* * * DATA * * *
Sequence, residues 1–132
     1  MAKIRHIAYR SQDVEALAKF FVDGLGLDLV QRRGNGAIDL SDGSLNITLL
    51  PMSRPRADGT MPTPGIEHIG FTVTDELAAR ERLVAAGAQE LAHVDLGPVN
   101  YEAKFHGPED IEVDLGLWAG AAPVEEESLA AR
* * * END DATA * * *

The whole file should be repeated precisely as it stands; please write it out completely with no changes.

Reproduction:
Sequence, residues 1–132
     1  MAKIRHIAYR SQDVEALAKF FVDGLGLDLV QRRGNGAIDL SDGSLNITLL
    51  PMSRPRADGT MPTPGIEHIG FTVTDELAAR ERLVAAGAQE LAHVDLGPVN
   101  YEAKFHGPED IEVDLGLWAG AAPVEEESLA AR